In a 1988 paper, Mr. Donald Haines of the USDA Forest Service’s North Central Research Station proposed what he called the “Lower Atmosphere Stability Index.” Renamed the Haines Index in his honor since then, it has a value of 2, 3, 4, 5, or 6 and is a simple measure of how strongly atmospheric conditions near the earth’s surface might contribute to an existing fire becoming a dangerous, erratic fire with a strong, well defined updraft. It reflects atmospheric stability and dryness for a layer of the atmosphere roughly 1 to 5 km above the surface.
Just as important as recognizing what the Haines Index does indicate, is knowing what it does not indicate. The Haines Index says nothing about fuel conditions – whether fuels are abundant or sparse, wet or dry. It does not reflect surface temperature, humidity or wind conditions. And, because it does not include any measure of winds at the surface or aloft, it does not necessarily indicate anything about danger, behavior or growth for fires when strong winds are present.
The Haines Index depends on temperature and dew point values measured above the ground, across a layer of the atmosphere identified by the pressures at the top and bottom of the layer. Depending on the surface elevation of the region of interest, there are three possible layers used for computing the Haines Index, and these three layers provide what are commonly known as the low, mid and high elevation Haines Index variants. The pressure layers used for the variants are 950 millibars (mb) to 850 mb for the low variant; 850 mb to 700 mb for the mid variant, and 700 to 500 mb for the high variant.
For all three variants of the Haines Index, there are two components. The A component reflects the temperature difference between the top and bottom of the appropriate layer. The B component reflects the difference between air temperature and dew point (this difference is often called the dew point depression) at the top of the layer (in the case of the low variant) or the bottom of the layer (for the mid and high variants.) For each component, the differences are converted to values of 1, 2, or 3 based on thresholds specified by Haines. The final Haines Index is the sum of these two component values, a number between 2 and 6, inclusive. Values of 2 or 3 are considered “Very Low,” a 4 is “Low,” a 5 is “Moderate” and a 6 is “High.” The use of “low” and “high” to describe both the value and the variant of the Haines Index can lead to some confusion, and users must be clear on which aspect they mean.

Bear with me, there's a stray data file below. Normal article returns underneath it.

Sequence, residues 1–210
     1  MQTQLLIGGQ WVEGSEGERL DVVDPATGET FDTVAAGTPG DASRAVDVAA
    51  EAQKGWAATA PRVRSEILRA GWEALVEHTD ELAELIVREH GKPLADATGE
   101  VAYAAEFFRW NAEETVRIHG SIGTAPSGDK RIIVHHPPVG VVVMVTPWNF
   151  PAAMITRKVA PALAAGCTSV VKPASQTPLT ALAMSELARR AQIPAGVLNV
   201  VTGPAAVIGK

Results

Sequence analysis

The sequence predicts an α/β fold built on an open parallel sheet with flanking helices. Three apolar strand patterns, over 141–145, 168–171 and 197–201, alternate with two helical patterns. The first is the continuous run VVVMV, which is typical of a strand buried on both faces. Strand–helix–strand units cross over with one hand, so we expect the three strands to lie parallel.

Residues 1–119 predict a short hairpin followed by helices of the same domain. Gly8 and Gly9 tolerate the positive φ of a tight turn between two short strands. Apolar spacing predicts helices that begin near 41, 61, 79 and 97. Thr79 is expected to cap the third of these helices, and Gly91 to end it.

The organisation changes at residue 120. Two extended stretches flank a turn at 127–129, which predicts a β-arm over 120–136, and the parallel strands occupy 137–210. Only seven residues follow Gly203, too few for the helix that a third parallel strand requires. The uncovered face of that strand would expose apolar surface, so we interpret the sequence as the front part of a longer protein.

Originally, Haines computed the index using measurements taken at 00 UTC, which corresponds to local mid-afternoon to late evening, depending on local time zone. However since its creation, researchers and practitioners have computed it for other times of day also, using observations or forecast information.